Short Description

Physicist George Campbell, Jr. (1945 - ) was President of Cooper Union, one of the nation's oldest institutions of higher learning. In 1977, Campbell earned a Ph.D. in theoretical physics and then worked for Bell Laboratories for twelve years. Later Dr. Campbell became president and CEO of the National Action Council for Minorities in Engineering.

Employment

Nkimbi College

Syracuse University

Bell Laboratories

NACME, Inc.

Cooper Union

Main Sponsor
Main Sponsor URL
Favorite Color

All Colors

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DAStories

Tape: 1 Story: 1 - Slating of George Campbell's interview

Tape: 1 Story: 2 - George Campbell lists his favorites

Tape: 1 Story: 3 - George Campbell shares his mother's family background

Tape: 1 Story: 4 - George Campbell remembers his grandfather

Tape: 1 Story: 5 - George Campbell recalls his mother's life in New York City and Philadelphia

Tape: 1 Story: 6 - George Campbell describes his father

Tape: 1 Story: 7 - George Campbell considers his grandfather's skills

Tape: 1 Story: 8 - George Campbell shares his earliest childhood memories

Tape: 1 Story: 9 - George Campbell describes how he lived in Philadelphia, New York City, and Virginia as a child

Tape: 1 Story: 10 - George Campbell discusses his childhood household

Tape: 1 Story: 11 - George Campbell details the schools he attended

Tape: 2 Story: 1 - George Campbell recalls the life of his mother as a single parent

Tape: 2 Story: 2 - George Campbell considers the values of the church and its influence in his early life

Tape: 2 Story: 3 - George Campbell advises parents to remain involved in their children's education

Tape: 2 Story: 4 - George Campbell recalls being exposed to science at Central High School in Philadelphia, Pennsylvania

Tape: 2 Story: 5 - George Campbell discusses his enrollment at Central High School in Philadelphia

Tape: 2 Story: 6 - George Campbell reflects on the social climate of Central High School in Philadelphia, Pennsylvania

Tape: 2 Story: 7 - George Campbell discusses his interests in art

Tape: 2 Story: 8 - George Campbell describes his college application process

Tape: 2 Story: 9 - George Campbell describes his science and work opportunities while attending Drexel University

Tape: 3 Story: 1 - George Campbell recalls meeting his wife

Tape: 3 Story: 2 - George Campbell describes his father-in-law, Harvey Schmidt

Tape: 3 Story: 3 - George Campbell remembers being drafted for the Vietnam War

Tape: 3 Story: 4 - George Campbell describes his philosophy of civil rights on an international scale

Tape: 3 Story: 5 - George Campbell remembers his family's feelings about his trip to Zambia

Tape: 3 Story: 6 - George Campbell considers American icons in Zambian culture

Tape: 3 Story: 7 - George Campbell compares differences in child-rearing in the United States and Zambia

Tape: 3 Story: 8 - George Campbell describes the teaching experience in Zambia

Tape: 3 Story: 9 - George Campbell remembers returning to the United States from his trip to Zambia

Tape: 4 Story: 1 - George Campbell describes how he learned of the job opportunity in Zambia

Tape: 4 Story: 2 - George Campbell recalls pursuing graduate studies at Syracuse University

Tape: 4 Story: 3 - George Campbell describes his graduate dissertation

Tape: 4 Story: 4 - George Campbell describes his and his wife's career opportunities following graduate school

Tape: 4 Story: 5 - George Campbell describes his work at Bell Laboratories

Tape: 4 Story: 6 - George Campbell describes other aerospace-based companies and his work-travel for Bell Laboratories

Tape: 4 Story: 7 - George Campbell describes international efforts in pursuing new technology

Tape: 4 Story: 8 - George Campbell describes the African American presence at Bell Laboratories, Part 1

Tape: 4 Story: 9 - George Campbell describes the African American support networks at Bell Laboratories

Tape: 5 Story: 1 - George Campbell describes the atmosphere of Bell Laboratories

Tape: 5 Story: 2 - George Campbell recalls why he left Bell Laboratories to lead NACME, Part 1

Tape: 5 Story: 3 - George Campbell recalls why he left Bell Laboratories to lead NACME, Part 2

Tape: 5 Story: 4 - George Campbell discusses the conditions of NACME at the time of his arrival at the company in 1990

Tape: 5 Story: 5 - George Campbell describes the success of NACME's Engineering Vanguard Program, part 1

Tape: 5 Story: 6 - George Campbell describes the success of NACME's Engineering Vanguard Program, part 2

Tape: 5 Story: 7 - George Campbell describes the success of NACME's Engineering Vanguard Program, part 3

Tape: 6 Story: 1 - George Campbell shares his perspective on unfair aptitude tests

Tape: 6 Story: 2 - George Campbell describes NACME's research in underrepresented populations in the education system

Tape: 6 Story: 3 - George Campbell explains his leadership philosophy and his decision to leave NACME

Tape: 6 Story: 4 - George Campbell shares the history of Cooper Union for the Advancement of Science and Art

Tape: 6 Story: 5 - George Campbell discusses Cooper Union's role as a full-scholarship based institution

Tape: 6 Story: 6 - George Campbell outlines his goals for his tenure as president of Cooper Union

Tape: 6 Story: 7 - George Campbell discusses Cooper Union's competition as an institution of higher education

Tape: 6 Story: 8 - George Campbell describes the perspectives of his family members

Tape: 6 Story: 9 - George Campbell shares his hopes and concerns for the African American community

Tape: 7 Story: 1 - George Campbell describes his wife's successes

Tape: 7 Story: 2 - George Campbell considers his legacy

DASession

1$1

DATape

4$5

DAStory

9$3

DATitle
George Campbell describes the African American support networks at Bell Laboratories
George Campbell recalls why he left Bell Laboratories to lead NACME, Part 2
Transcript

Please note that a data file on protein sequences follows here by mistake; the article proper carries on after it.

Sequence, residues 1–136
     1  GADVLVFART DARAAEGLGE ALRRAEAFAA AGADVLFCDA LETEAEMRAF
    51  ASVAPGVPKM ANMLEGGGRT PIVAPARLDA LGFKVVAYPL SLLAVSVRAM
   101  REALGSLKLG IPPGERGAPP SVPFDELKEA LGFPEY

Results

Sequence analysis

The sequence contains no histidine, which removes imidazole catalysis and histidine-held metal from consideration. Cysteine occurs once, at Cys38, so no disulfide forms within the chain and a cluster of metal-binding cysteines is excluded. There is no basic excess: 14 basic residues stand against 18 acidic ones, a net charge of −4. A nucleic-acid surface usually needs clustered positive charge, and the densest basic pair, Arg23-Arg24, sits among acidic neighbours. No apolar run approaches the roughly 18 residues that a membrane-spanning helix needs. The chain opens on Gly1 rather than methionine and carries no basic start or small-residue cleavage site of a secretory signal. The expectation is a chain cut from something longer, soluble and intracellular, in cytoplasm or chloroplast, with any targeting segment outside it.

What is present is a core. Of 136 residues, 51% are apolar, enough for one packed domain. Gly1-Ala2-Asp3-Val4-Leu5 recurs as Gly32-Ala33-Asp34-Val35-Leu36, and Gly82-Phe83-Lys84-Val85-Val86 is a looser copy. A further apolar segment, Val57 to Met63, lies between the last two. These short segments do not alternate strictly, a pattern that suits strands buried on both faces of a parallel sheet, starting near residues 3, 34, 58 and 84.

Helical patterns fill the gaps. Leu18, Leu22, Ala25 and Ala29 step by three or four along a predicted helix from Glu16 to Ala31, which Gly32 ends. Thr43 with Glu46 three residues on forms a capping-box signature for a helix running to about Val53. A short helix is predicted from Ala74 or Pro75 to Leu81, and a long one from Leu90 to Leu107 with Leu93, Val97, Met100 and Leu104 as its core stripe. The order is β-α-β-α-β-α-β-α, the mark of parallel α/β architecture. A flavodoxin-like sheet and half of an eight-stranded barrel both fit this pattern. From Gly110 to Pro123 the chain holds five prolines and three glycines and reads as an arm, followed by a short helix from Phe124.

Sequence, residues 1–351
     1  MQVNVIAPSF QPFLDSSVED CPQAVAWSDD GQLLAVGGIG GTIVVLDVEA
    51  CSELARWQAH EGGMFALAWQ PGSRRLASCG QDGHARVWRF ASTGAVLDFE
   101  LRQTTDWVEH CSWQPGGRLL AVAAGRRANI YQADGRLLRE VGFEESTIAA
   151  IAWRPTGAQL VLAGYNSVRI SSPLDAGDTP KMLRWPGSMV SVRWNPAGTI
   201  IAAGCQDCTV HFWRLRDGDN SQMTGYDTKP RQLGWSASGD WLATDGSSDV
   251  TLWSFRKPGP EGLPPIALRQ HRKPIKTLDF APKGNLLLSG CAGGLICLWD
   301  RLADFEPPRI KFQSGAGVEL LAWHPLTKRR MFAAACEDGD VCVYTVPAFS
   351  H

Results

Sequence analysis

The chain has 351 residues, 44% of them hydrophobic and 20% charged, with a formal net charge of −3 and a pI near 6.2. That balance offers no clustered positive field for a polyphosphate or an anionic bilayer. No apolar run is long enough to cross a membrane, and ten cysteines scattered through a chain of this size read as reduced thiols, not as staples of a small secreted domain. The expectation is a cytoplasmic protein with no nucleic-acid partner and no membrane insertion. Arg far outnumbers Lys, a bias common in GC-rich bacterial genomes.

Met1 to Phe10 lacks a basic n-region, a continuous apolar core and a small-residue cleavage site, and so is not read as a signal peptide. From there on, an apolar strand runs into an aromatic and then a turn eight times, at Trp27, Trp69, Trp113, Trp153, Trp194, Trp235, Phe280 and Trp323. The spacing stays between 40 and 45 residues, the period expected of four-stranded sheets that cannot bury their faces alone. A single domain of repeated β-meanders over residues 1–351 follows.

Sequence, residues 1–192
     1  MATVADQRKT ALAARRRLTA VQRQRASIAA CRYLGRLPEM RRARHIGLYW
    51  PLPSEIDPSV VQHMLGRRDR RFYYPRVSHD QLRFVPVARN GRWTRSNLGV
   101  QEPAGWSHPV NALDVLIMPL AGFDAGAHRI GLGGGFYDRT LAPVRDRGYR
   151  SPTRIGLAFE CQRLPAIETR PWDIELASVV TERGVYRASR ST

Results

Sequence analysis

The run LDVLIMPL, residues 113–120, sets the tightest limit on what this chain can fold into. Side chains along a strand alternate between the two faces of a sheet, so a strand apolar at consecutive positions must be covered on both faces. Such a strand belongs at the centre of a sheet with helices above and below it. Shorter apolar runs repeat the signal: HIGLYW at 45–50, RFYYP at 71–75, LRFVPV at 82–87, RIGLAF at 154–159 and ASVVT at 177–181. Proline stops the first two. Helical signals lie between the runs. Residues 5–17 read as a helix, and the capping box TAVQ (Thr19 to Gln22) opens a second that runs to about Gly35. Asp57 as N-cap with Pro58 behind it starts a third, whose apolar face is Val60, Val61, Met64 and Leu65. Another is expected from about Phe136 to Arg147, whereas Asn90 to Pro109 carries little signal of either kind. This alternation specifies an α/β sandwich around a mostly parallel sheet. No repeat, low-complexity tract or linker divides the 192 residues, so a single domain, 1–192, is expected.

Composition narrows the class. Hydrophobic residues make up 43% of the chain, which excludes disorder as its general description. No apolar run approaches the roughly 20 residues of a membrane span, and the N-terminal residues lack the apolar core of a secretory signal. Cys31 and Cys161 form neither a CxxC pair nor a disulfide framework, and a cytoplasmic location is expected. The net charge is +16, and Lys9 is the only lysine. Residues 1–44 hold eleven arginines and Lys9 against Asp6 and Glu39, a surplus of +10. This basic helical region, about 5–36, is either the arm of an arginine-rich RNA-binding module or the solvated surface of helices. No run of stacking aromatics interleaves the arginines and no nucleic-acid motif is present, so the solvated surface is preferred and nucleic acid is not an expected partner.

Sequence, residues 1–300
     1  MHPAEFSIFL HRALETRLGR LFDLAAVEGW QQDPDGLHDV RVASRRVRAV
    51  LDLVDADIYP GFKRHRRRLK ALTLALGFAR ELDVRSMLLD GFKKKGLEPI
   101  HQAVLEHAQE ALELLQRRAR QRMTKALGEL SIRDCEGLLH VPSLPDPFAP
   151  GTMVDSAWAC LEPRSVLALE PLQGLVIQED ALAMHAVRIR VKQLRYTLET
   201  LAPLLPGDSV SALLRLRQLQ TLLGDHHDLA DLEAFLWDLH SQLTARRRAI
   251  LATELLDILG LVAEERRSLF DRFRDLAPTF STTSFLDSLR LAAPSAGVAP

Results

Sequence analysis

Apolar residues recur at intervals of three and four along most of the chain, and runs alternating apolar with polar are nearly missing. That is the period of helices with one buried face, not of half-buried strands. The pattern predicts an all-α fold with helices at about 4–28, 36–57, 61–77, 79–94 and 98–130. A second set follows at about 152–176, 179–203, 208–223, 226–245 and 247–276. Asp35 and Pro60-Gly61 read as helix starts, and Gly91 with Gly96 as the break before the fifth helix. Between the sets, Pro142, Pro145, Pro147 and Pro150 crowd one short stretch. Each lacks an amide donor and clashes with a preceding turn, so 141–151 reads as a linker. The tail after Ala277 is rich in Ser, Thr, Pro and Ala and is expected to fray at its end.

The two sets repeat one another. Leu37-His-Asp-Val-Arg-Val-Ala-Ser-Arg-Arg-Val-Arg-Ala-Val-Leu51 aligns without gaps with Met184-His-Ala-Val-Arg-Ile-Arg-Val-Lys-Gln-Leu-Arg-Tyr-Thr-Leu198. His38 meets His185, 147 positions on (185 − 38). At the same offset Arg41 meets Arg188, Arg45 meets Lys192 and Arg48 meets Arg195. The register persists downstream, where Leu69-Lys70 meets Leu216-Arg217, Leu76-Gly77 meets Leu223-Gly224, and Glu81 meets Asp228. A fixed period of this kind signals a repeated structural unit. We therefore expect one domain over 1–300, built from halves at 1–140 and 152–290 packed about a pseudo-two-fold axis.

But on the other hand, there was a community of African American scientists that you could have lunch with and get together periodically [at Bell Laboratories, Murray Hill, New Jersey]. We had, we established in the early 80s [1980s] something called the Black Technical Managers Group at Bell Labs, not a group it was just Black Technical Managers. It was an organization where we got all the black technical managers, you know, scientist and engineering managers together. It was about fifteen of us when that first was formed. When I left Bell Labs [1989] it was like ninety people and we used to meet. We used to have serious meetings. We met for, you know after a couple of years we were meeting for three days, had three day meetings in which we would cover a spectrum of things, you know issues of race and hiring and promotions. We'd talk about technical issues, have you know major scientific presentations about people who were, you know who were part of the group and we would always have a session where we invited some key executives from AT&T or Bell Labs to talk to them seriously about what we thought were reasonable things that they could do to improve the environment, to improve the hiring, improve the promotions. And you know they were always well thought out, rational presentations that would be hard to say no to. I mean, you know, we had a meeting in Columbus, Ohio which had no black managers and, you know, they--I think they only had one black person who was in, you know, in the professional scientific ranks and we showed them the number of graduates from Ohio State University [Columbus, Ohio], the number of graduates from area places and said you know we would like to see a five year plan where you would hire roughly this many people. And it was not an unreasonable "demand". I mean we were people who had just as much stake in the company as anybody else. We were serious employees. We had serious management responsibilities. We had stock in the company. We wanted to see the company succeed. We weren't about tearing the company down. We were about saying, how can we improve this company so that we can take advantage of the talent pool that's out there and make sure that we were getting the best scientific, you know, skill that's available. And it was an enormously valuable I think entity to the company and certainly valuable to us as individuals. I mean it was very you know--after dealing with frankly you know the, a lot of the tensions and stresses around dealing with people, all people from other ethnic groups all the time, there was a need periodically to get together with people who had the same kinds of issues, the same problems that they were struggling against and also who were you know kinsmen in the scientific arena. So--and to share and you know purge and to commiserate and all of those things. So I think it was a valuable, tremendous benefit to the company and they saw it. The company supported that activity you know and gave us the three days to do it and paid for the trips and all the rest. And so, I think it was and probably is still valuable. I think the organization still exists.$And this NACME [National Action Council for Minorities in Engineering] job came along. Turns out that [Morris] "Morry" Tanenbaum who was a vice president--no chairman, he was the vice chairman of AT&T, number two guy at AT&T, who had started his career at Bell Labs and was a very prominent physicist and inventor of the LED [Light-Emitting Diode] and so on and had moved up to the number two position of the company, was on the Board of Directors of NACME, the National Action Council for Minorities in Engineering. And the president of NACME [Richard F. Neblett] was retiring and so he sent a note around saying, asking you know if we knew anybody who might be interested in this NACME job. And I didn't know much about NACME cause I was a physicist and this was mostly engineering although science was a little bit a part of what they did. And so I looked at it, it looked like a very intriguing announcement. And so I didn't get on the web [Internet] 'cause we didn't have it then. I called up and asked them to send me some materials about NACME and they did, annual report, this and that, very interesting organization. They're doing it all wrong but they have the right idea. And so I mean the idea about NACME it was, NACME was an organization that had been created under the auspices of the National Academy of Engineering in the early 1970s to provide access and opportunities for minorities, African Americans, Latinos and American Indians to engineering, primarily engineering. And you know in the, in the--in 1974 when it was formed, less than 1 percent of the work force in this country were African Americans, Latinos and American Indians. And you know they were significantly larger part of the population and clearly, you know, there is historical factors that limited access, financial factors and so on. And you know this was something that I had been involved with all along. At Bell Labs I was involved in the scholarship programs that they had there, involved in outreach programs to encourage minority kids, African Americans to think about scientific careers. And so it looked like a very interesting thing to be doing plus it was an opportunity to run a company today. And even though the company it was only a $4 million company, you know, and I was, I already had a much bigger budget than that at Bell Labs and so it would have been a step down in that sense. But on the other hand it would have been running a whole company all by yourself and that was very exciting to me as a possibility. And it had an incredible cadre of support. I mean Bell Lab--I mean NACME as I said had been created under the auspices of the National Academy of Engineering, the most prestigious, you know, professional organization in the country and it was supported by an enormous array of Fortune 100 companies. And the Board of Directors were mostly CEOs of those kinds of companies. The president of IBM [International Business Machines] was on the board, the chairman of DuPont [E.I. du Pont de Nemours & Company], the chairman of Amoco [Corporation], the vice chairman of AT&T [Inc.], the chairman of Goodyear [Tire and Rubber Company]. You know so it was a really fascinating board and the opportunity to run a company and to run a company and interface with people at this level was a very exciting possibility for me. And then I decided that I was going to apply for the job and my executive vice president [of Bell Laboratories] called me and he said look, you know, we've got a lot invested in you and you're on this leadership continuity program, we don't want to lose you. And what can we do to make life happier for you? And by then I had made up my mind that if I got this job I was going to do it. And I did get the job and so he offered me the opportunity to take a leave of absence 'cause I would get tired of running this little company after a while and want to come back. I said okay I'll take the leave. And so I did, I took the leave of absence and I came to NACME and I did some--and that you know that's why I left.